L-R Peter (aka “Goose”), Bridgette, Billie-Jo and Sandra Kies
The Kies family came to South Australia leaving all they knew in Germany. Arriving in the Barossa Valley in the mid 1800′s and found their utopia in the Hoffnungsthal Valley (Valley of Hope) situated on the southern end of the world-renowned Barossa Valley. The Kies family dreamed of growing grapes and farming the beautiful Barossa Valley.
In 1847 the Kies family land, then known as Section 568 was sectioned off by the South Australian Company and farmed by a group of German settlers just arriving in Australia and choosing Hoffnungsthal as their destination over Klemzig, Bethany or Lobethal.
The Hoffnungsthal village had been in existence for six years growing to a recorded 37 cottages, including a church and school, cottages were made of wood, clay, thatch and some stone.
In October 1853 unseasonable weather struck Hoffnungsthal with 60 acres of section 568 and 118 acres of Section of 567 under water. The people living in the low lying areas had no choice but to leave this area and move to other districts as the Government at the time would not provide financial assistance. Some homes were dismantled and then transported to new locations. Those who had already established themselves on higher ground stayed and continued to lease the land from the South Australian Company.
Reinhold Kies purchased Section 568 in the late 1880’s, this area of land was originally known as Giles Vale, the name was changed to Hoffnungsthal or Hope Valley several months after the first German settlers arrived.
Once settling in the Hoffnungsthal Valley the Kies family began planting vegetables and selling to the community, they had planted the first of their Shiraz vines.
Early into the turn of the century saw them diversify and plant citrus fruit while still continuing to expand the property with vines and eventually building Kee Lyn Winery, which then went on to be known as Karrawirra Winery (an aboriginal name for Forest of Redgums), the Kies family sold the winery in 1986 while retaining the three hundred acre property, the winery is now known as Falcons Nest Winery.
Two homes were originally built on the property in the early 1900′s. One home built by Norman Victor Kies, fondly referred to as Norm’s Farm and was renovated in 1999. It is now a self contained and comfortable bed and breakfast surrounded by acres of vineyards in a tranquil setting. Norm’s Farm is rated by ‘The National Tourism Body of Australian Motoring Organisation’ with 4 1/2 stars.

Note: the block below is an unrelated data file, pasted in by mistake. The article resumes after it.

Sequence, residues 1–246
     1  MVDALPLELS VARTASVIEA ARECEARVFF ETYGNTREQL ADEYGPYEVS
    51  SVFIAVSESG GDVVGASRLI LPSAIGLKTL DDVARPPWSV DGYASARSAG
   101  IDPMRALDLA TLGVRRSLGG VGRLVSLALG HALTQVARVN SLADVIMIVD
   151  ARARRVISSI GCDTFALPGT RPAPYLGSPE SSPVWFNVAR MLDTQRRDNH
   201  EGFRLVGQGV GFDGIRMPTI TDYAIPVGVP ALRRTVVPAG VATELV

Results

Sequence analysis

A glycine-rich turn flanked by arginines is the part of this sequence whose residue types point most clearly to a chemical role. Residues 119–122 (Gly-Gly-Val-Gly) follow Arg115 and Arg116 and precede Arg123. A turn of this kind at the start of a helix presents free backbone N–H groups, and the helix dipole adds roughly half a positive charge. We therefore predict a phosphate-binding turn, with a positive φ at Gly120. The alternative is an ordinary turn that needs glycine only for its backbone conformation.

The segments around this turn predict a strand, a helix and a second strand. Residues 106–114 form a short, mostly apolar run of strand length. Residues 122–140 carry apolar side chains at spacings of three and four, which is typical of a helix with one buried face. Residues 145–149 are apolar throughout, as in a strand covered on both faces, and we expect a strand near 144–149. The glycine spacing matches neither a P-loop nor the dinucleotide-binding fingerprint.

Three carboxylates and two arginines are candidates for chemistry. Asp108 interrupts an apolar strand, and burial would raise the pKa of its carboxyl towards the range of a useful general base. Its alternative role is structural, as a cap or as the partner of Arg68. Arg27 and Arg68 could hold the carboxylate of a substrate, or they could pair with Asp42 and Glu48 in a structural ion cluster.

One mile up the road is the second home. This home was originally built by Reinhold Friedrich Kies junior and is located at the end of a picturesque palm studded driveway, this home became Peter and Sandra’s home until 1999 when it was demolished and replaced by a home using architecture of both Mediterranean and Australian Colonial styles.
Bridgette and Billie-Jo are fifth generation descendants of the Kies family on the section of land known as Hoffnungsthal.
Peter, Sandra and their two daughters Bridgette and Billie-Jo, not only produce some of the best grapes in the Barossa Valley but also love to fly helicopters with a passion.
The late 1980′s saw them branch out into the world of aviation and establish Barossa Helicopters.
In May 1989 Peter and Sandra decided to purchase their own helicopter after years of cross hiring helicopters from various companies around Australia.
The first helicopter was a Bell 47J2A a 3 passenger helicopter. This proved to be a huge success for them.
In 1997, 8 years later they decided it was time to upgrade to a larger helicopter to move into the corporate sector. This helicopter was a Bell 206 Jet Ranger.
Not long after the purchase of the second helicopter Bridgette was near the end of high school and decided she wanted to learn how to fly helicopters. During this time the Bell 47J2A was sold and a second Bell 206 Jet Ranger was purchased. At the end of 1999 Bridgette was certified as Australia’s youngest female commercial helicopter pilot and still holds the record today.
In 2003 we purchased a Bell 206 Long Ranger (seating capacity of 7) and it went straight to work on the fires in Victoria as the air attack supervisor for the Erikson Air crane ‘Elvis’. It flew this role for 2 years before coming home, then heading to Darwin, where it is currently working in the mining industry.
In 2005 Billie-Jo thought it was time she learned to fly choppers too. Apparently her reason was – if Bridgette can do it, so can I.
In 05/06 we decided to expand within the tourism industry, the idea of purchasing 2 brand new Robinson R44 helicopters is to satisfy our clients with the highest level of safety at very competitive prices.